Fifty-two candidates are running for Virginia’s 11 U.S. House districts, including 33 Democrats and 19 Republicans. That’s an average of 4.72 candidates per district. Here are some other highlights from this year’s filings:

  • The number of candidates running for the U.S. House in Virginia this year is also higher than any other year in the past 10 years.
  • The 7th and 10th Congressional Districts are open this year. The last time a seat was open in Virginia was 2018 when two seats were open.
  • Incumbent Rep. Abigail Spanberger (D-07) is not running for re-election because she is running for Governor of Virginia in 2025. Incumbent Rep. Jennifer Wexon (D-10) is retiring from public office.
  • Sixteen candidates—12 Democrats and four Republicans—are running for the open 10th Congressional District, the most candidates running for a district in Virginia this year.
  • Eight primaries—five Democratic and three Republican—are contested this year, the most since 2018, when there were nine.
  • Two incumbents—Gerald Edward Connolly (D-11) and Bob Good (R-05)—are in contested primaries this year.
  • The 3rd Congressional District is guaranteed to Democrats because no Republicans are running. Democrats are running in every district, meaning none are guaranteed to Republicans.

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Biden has appointed 201 federal judges through June 1 of his fourth year

President Joe Biden (D) has appointed 201 Article III federal judges through June 1, 2024, his fourth year in office. That’s 20 new appointments since our previous report. This is also the most Article III judicial appointments through this point for all presidents since Ronald Reagan (R).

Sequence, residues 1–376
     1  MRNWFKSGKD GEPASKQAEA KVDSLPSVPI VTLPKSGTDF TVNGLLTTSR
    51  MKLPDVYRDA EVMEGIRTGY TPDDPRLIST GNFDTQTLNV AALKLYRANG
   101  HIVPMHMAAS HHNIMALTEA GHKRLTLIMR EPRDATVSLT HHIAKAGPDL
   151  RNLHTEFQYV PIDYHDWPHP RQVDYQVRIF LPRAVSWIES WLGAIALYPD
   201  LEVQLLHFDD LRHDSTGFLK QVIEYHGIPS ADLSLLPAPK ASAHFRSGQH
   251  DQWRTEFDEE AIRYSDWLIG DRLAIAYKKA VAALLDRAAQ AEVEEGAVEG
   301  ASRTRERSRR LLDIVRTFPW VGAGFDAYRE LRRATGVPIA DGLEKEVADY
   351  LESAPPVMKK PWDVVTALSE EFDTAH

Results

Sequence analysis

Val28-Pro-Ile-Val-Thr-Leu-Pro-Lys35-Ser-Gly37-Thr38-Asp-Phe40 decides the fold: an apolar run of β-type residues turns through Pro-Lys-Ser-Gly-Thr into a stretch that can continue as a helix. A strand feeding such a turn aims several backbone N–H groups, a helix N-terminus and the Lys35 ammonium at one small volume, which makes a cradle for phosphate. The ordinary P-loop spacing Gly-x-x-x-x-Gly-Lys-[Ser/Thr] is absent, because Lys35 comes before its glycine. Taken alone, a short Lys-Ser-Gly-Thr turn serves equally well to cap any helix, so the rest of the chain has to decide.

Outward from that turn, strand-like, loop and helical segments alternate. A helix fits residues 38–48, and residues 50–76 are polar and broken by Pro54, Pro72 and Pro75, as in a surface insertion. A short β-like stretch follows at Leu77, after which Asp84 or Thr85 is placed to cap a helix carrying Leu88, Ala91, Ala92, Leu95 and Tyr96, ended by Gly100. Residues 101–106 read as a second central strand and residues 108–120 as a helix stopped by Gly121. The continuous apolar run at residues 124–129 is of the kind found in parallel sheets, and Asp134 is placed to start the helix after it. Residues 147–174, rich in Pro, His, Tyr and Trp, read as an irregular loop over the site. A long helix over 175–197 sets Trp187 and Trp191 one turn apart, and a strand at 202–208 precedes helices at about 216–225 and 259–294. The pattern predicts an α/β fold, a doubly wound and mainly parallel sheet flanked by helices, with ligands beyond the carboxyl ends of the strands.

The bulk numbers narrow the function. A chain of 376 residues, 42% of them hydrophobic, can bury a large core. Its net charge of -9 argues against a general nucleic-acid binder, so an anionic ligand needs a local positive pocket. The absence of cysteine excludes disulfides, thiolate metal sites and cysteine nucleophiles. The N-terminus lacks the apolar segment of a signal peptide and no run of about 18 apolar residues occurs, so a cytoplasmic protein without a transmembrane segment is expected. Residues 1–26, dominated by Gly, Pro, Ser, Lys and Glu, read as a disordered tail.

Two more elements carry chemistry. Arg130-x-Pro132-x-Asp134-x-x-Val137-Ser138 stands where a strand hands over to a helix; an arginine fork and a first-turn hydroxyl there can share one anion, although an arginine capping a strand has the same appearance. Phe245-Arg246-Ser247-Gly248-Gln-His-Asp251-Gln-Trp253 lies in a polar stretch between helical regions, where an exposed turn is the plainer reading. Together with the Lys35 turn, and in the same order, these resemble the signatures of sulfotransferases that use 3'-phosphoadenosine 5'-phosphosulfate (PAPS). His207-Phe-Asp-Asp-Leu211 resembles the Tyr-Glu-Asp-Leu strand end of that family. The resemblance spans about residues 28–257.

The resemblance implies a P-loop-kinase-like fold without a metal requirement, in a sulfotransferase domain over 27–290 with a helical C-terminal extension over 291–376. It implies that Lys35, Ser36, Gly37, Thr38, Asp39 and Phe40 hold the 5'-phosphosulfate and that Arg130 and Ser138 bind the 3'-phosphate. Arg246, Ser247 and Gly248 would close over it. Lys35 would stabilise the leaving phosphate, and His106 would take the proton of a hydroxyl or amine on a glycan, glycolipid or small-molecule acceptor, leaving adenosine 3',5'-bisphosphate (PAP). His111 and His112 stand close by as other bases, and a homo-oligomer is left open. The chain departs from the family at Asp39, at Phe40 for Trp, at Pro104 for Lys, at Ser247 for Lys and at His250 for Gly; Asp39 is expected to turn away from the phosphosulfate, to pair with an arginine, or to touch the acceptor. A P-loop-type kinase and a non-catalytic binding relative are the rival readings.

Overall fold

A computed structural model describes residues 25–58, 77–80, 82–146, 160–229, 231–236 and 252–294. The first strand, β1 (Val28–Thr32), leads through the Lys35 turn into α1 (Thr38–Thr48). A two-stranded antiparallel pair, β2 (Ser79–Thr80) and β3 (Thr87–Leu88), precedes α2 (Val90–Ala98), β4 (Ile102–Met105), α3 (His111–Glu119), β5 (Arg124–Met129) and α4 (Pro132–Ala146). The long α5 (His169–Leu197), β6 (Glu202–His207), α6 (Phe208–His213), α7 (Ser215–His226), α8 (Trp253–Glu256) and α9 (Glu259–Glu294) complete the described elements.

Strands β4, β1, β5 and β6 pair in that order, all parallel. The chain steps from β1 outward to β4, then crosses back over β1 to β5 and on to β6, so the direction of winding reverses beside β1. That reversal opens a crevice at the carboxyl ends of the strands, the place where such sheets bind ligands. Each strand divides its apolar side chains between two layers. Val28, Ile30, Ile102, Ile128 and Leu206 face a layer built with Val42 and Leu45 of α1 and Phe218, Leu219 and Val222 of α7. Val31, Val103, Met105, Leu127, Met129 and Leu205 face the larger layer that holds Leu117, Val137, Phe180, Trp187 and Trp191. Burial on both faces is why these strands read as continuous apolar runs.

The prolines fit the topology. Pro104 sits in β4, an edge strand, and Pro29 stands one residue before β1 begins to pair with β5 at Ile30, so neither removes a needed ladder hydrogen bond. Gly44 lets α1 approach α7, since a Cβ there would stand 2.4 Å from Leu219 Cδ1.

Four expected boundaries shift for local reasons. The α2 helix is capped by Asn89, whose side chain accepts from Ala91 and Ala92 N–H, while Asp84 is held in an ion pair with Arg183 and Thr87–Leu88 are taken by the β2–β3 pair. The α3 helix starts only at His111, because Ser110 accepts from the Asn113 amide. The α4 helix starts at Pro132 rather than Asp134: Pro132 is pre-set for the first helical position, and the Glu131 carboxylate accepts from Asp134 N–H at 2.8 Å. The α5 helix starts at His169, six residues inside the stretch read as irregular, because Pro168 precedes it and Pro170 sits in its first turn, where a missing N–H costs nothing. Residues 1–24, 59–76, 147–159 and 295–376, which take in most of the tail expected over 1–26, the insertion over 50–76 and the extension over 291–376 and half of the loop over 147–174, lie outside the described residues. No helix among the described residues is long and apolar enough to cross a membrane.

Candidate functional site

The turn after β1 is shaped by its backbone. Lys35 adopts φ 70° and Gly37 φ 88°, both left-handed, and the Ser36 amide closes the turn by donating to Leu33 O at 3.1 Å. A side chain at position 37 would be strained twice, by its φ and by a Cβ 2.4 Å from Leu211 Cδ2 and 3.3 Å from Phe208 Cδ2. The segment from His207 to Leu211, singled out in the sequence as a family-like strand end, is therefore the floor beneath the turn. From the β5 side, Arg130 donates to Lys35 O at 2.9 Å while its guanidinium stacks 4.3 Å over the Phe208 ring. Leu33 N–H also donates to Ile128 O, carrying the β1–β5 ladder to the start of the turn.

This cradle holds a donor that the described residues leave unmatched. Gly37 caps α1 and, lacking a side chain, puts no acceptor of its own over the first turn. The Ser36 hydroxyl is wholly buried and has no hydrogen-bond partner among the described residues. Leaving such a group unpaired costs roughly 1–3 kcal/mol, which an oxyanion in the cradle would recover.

• Presidents have appointed an average of 173 judges through June 1 of their fourth year in office. By June 1 of his fourth year, Reagan had the fewest confirmations with 137.
  • The median number of Supreme Court justices appointed is two. Four presidents—George H.W. Bush (R), Bill Clinton (D), Barack Obama (D), and Trump—made two. George W. Bush (R) did not appoint any Supreme Court justices by this point in his presidency.
  • The median number of United States Court of Appeals appointees is 32. Trump had the most appointees with 51. Reagan appointed the fewest with 25.
  • The median number of United States District Court appointees is 142. Biden had the most appointees with 156. Reagan appointed the fewest with 109.

Article III federal judges are appointed for life terms by the president of the United States and confirmed by the U.S. Senate per Article III of the United States Constitution. Article III judges include judges on the: Supreme Court of the United States, U.S. Courts of Appeal, U.S. District Courts, and the Court of International Trade.

Click here to view an overview of the number of judges each president has appointed, a historical comparison of presidential judgeship appointments from 1933 to 2024, and a comparison over time by president and court type from 1945 to 2024.